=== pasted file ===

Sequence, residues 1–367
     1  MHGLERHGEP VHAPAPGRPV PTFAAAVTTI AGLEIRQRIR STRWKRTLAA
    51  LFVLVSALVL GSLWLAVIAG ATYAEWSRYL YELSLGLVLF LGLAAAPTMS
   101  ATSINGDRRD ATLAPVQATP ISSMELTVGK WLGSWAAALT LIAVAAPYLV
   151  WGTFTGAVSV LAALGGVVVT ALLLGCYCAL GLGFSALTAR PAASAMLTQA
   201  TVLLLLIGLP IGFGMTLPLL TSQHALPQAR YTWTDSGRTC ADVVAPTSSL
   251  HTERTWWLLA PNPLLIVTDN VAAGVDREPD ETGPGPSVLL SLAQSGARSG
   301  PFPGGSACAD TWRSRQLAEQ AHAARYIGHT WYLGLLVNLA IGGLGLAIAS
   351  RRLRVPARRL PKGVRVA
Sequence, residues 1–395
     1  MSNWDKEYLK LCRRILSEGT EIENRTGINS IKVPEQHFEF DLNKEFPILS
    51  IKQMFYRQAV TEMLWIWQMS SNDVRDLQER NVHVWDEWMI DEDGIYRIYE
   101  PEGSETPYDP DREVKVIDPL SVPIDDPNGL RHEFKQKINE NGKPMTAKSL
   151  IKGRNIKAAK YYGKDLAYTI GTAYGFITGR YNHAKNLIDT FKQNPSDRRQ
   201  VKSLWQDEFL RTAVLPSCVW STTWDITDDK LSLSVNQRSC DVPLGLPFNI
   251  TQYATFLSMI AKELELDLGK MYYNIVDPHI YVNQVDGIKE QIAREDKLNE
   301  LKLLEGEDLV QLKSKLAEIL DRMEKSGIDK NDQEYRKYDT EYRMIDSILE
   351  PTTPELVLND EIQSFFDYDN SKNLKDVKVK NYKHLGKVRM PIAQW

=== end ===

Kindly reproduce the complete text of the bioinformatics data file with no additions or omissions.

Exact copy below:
Sequence, residues 1–367
     1  MHGLERHGEP VHAPAPGRPV PTFAAAVTTI AGLEIRQRIR STRWKRTLAA
    51  LFVLVSALVL GSLWLAVIAG ATYAEWSRYL YELSLGLVLF LGLAAAPTMS
   101  ATSINGDRRD ATLAPVQATP ISSMELTVGK WLGSWAAALT LIAVAAPYLV
   151  WGTFTGAVSV LAALGGVVVT ALLLGCYCAL GLGFSALTAR PAASAMLTQA
   201  TVLLLLIGLP IGFGMTLPLL TSQHALPQAR YTWTDSGRTC ADVVAPTSSL
   251  HTERTWWLLA PNPLLIVTDN VAAGVDREPD ETGPGPSVLL SLAQSGARSG
   301  PFPGGSACAD TWRSRQLAEQ AHAARYIGHT WYLGLLVNLA IGGLGLAIAS
   351  RRLRVPARRL PKGVRVA
Sequence, residues 1–395
     1  MSNWDKEYLK LCRRILSEGT EIENRTGINS IKVPEQHFEF DLNKEFPILS
    51  IKQMFYRQAV TEMLWIWQMS SNDVRDLQER NVHVWDEWMI DEDGIYRIYE
   101  PEGSETPYDP DREVKVIDPL SVPIDDPNGL RHEFKQKINE NGKPMTAKSL
   151  IKGRNIKAAK YYGKDLAYTI GTAYGFITGR YNHAKNLIDT FKQNPSDRRQ
   201  VKSLWQDEFL RTAVLPSCVW STTWDITDDK LSLSVNQRSC DVPLGLPFNI
   251  TQYATFLSMI AKELELDLGK MYYNIVDPHI YVNQVDGIKE QIAREDKLNE
   301  LKLLEGEDLV QLKSKLAEIL DRMEKSGIDK NDQEYRKYDT EYRMIDSILE
   351  PTTPELVLND EIQSFFDYDN SKNLKDVKVK NYKHLGKVRM PIAQW